Remembering is an important matter. And this month we do rather a lot of it. Remembering shows that we care. Just ask any man who has forgotten his wedding anniversary. Remembering someone`s name is more than good manners it shows we`re engaging and paying attention. We`re acknowledging another`s significance.
Whole industries are devoted to helping us remember. If tying a knot in your hanky isn`t sufficient then the makers of diaries, calendars and hand-held devices know that they have a ready market. And of course, some people make a small fortune in selling their memories. Just check the autobiography section in the local bookshop.
On the other hand, although forgetting may jokingly be excused as a `senior moment` we still know that we`re on serious territory. Because the inability to remember can sometimes be quite as painful as the memories that simply won`t go away.
And remembering of course is a notoriously selective thing. “Oh yes, I remember it well” went the words of the song. And those who moan to their children about the behaviour of their grandchildren by saying, `We never had that problem with you`, are clearly struggling with parental amnesia.
Sometimes we might think that it`s a kindness that the years manage to soften or make easier the remembering. But in some instances accurate remembering, no matter how painful, is a matter of honour and justice. For the truth is so often a casualty of our desire to save face. This is why the teaching of history is such a contentious subject for many who lead us. Remembering is an important matter.
I visited a home for the elderly, very many years ago. And as a young minister I was moved more deeply than I can say by the sight and sound of a small group of frail but faithful people doing their best to sing, “O God our help in ages past, our hope for years to come”.
The very familiarity of these words and of the Lord`s Prayer, and the twenty-third Psalm were stirring memories for them which allowed them to renew a sense of God`s abiding faithfulness to them. `Tis grace that brought me safe thus far and grace will lead me home` says the words of another hymn. And although we sometimes disparage what we call `hindsight` it`s often in the remembering, in the looking back that we can detect the signs of providence; of the God who remembers us. And this is the point.
Again, in so many places we are invited to remember God`s goodness… But this is because perhaps the greatest of his mercies is HIS memory. As someone once said, `Praying is holding onto God until you realise… you are being held”.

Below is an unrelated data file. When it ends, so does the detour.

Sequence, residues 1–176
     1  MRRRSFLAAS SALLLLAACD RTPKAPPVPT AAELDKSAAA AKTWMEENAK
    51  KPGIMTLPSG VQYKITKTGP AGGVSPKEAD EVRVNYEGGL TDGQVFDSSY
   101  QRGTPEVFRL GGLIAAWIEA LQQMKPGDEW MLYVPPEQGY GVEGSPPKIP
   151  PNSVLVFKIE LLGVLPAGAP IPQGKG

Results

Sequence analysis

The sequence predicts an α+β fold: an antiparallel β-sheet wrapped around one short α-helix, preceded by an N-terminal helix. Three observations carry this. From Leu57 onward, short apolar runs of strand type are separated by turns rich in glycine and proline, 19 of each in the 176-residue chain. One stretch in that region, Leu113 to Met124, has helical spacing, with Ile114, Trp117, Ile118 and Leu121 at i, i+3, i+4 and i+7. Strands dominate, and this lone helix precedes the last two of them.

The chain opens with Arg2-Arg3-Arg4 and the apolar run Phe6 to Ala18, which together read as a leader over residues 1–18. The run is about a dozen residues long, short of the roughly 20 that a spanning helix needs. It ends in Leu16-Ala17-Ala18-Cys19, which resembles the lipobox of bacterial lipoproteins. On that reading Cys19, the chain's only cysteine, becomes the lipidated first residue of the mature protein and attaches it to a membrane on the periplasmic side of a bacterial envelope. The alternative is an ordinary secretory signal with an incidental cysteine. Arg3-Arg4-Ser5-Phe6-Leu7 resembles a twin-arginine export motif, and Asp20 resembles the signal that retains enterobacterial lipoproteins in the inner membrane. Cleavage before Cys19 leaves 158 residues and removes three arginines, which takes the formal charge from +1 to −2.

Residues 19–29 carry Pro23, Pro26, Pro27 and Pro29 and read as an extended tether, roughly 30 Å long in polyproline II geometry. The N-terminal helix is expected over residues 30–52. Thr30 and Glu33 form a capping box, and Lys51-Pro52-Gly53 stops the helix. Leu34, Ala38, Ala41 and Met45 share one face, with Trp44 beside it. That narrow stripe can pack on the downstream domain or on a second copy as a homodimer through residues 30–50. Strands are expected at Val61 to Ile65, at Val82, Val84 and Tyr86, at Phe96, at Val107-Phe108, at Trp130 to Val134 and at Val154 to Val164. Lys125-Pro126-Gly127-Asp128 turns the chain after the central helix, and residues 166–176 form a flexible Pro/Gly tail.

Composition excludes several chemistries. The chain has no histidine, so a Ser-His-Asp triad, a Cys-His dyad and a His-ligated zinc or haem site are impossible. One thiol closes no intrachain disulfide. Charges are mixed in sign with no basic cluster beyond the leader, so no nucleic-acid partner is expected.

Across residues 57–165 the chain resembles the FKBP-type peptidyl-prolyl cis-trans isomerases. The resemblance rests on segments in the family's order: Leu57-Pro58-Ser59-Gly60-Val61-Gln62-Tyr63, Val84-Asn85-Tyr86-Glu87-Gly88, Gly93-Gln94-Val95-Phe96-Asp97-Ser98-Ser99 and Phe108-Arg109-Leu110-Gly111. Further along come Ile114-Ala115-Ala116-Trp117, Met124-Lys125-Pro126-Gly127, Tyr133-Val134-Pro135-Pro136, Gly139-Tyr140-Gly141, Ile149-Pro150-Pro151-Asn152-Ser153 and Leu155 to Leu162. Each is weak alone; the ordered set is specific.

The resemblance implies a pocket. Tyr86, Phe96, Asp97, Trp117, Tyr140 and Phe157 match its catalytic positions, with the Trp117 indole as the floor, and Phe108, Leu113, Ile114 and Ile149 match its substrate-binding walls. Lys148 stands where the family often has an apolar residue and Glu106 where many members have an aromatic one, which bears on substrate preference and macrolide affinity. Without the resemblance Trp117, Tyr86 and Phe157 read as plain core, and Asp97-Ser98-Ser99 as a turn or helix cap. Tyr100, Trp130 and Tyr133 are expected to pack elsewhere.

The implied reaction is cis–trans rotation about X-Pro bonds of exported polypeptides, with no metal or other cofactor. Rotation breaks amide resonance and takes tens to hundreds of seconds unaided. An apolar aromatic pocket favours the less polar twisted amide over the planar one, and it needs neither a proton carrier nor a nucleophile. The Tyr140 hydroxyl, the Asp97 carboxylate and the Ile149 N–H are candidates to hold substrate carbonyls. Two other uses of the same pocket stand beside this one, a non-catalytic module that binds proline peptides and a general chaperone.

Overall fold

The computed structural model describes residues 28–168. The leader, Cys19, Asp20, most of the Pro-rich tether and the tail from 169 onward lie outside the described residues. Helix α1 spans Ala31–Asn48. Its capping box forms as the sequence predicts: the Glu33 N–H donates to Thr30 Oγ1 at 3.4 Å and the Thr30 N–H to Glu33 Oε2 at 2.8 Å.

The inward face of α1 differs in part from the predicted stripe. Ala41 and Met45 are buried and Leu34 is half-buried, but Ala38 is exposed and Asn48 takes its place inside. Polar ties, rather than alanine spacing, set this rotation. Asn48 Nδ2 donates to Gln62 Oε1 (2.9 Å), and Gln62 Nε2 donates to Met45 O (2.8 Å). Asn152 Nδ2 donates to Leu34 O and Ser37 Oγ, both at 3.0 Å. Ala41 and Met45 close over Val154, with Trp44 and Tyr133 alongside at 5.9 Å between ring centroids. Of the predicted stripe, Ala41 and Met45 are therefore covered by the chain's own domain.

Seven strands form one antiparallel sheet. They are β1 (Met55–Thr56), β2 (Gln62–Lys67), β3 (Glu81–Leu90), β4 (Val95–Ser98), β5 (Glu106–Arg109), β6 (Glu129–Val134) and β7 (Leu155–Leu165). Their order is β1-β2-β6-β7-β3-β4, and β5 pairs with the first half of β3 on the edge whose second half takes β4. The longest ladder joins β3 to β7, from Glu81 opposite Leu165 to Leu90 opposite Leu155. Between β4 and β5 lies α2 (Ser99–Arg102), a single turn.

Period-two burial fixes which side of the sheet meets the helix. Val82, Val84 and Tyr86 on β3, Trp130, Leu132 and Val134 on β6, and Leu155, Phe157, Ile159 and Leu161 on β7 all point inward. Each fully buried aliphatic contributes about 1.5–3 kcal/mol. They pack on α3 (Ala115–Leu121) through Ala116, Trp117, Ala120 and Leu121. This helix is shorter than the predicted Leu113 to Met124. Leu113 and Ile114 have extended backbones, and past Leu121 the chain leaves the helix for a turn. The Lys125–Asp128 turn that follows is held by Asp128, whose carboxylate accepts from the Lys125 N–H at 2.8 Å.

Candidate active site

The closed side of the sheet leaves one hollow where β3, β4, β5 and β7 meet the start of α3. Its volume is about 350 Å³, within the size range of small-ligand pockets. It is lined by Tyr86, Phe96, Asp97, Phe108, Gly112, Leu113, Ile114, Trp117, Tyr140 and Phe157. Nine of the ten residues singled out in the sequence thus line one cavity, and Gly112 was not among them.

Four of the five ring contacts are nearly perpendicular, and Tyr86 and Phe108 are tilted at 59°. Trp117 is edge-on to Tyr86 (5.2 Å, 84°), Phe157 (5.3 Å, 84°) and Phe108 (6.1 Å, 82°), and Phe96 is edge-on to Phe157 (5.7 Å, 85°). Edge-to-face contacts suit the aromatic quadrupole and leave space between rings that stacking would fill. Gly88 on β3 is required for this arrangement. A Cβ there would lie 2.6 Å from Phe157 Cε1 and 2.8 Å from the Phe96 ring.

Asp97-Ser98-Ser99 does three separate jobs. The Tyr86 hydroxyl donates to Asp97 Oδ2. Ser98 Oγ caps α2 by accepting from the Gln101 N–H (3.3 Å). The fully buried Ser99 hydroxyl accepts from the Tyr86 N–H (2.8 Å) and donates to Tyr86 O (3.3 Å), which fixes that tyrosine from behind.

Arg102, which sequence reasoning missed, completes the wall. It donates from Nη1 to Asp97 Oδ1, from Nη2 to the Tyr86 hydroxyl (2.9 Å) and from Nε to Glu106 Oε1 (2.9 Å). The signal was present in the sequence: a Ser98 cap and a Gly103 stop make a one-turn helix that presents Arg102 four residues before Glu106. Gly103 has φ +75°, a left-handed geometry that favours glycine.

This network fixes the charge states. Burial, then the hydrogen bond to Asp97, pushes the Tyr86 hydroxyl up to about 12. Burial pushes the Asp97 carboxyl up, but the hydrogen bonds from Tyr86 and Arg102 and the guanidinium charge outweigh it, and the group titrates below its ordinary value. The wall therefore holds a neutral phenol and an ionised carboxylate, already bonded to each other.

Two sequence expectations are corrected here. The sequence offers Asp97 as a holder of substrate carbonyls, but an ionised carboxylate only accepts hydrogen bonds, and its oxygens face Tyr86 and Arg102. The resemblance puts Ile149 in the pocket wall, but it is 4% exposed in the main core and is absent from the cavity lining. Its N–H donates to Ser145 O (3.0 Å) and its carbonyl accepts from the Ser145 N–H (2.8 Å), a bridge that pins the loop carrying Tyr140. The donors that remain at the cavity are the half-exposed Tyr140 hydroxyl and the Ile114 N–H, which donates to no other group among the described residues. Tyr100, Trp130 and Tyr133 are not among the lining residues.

`I have written your name on the palms of my hands`, says the Lord through the Prophet Isaiah. And God`s remembering is a great help to us as today. Because as we honour so many brave people who gave their life in time of conflict, it helps us to realise that their significance does not depend on the quality or depth of our remembering but on the abiding truth that they will never be forgotten by God.
In recent years we have seen a resurgence of interest in what we call `tracing our family tree`. Some of this has been linked to a BBC Television programme with a title which intrigues me: It`s called; ”Who do you think you are”. And this seems to be based on the assumption that we gain some insight into our identity through those who have gone before us.
We can perhaps see the point they`re making. Our background, ancestry and events that took place before we were even born can indeed have an effect on the shape our life has taken. But beyond romantic fascination, a wistful nostalgia or the obligatory tears as the credits roll at the end of the programme they can`t really point to any practical outcome of this remembering.
In contrast, our worship today makes all the difference in the world. For the Christian, every Sunday is Remembrance Day. This is the day of Jesus Resurrection. We break bread and share wine as he commanded; “Do this in remembrance of me”. And this is the First Day of the Week. It`s not a day to collapse and recover from the previous six days but a day which sets the agenda for the week ahead. And the first thing we do is praise God. Remembering this is to get things the right way around.
You see, in worship we put down a marker; we remember that there is more to our lives than the labels others give us; or the identity we acquire through the things we own or achieve. So the answer to the question; “Who do you think you are?” is actually, “I am a baptised son or daughter of God. Much loved and called to his service”. On this day we re-member, we re-connect with the truth of who we are. The truth of `whose` we are. And we give our lives in praise reverence and service. We need to remember these things lest we lose our very soul. Remembering is an important matter.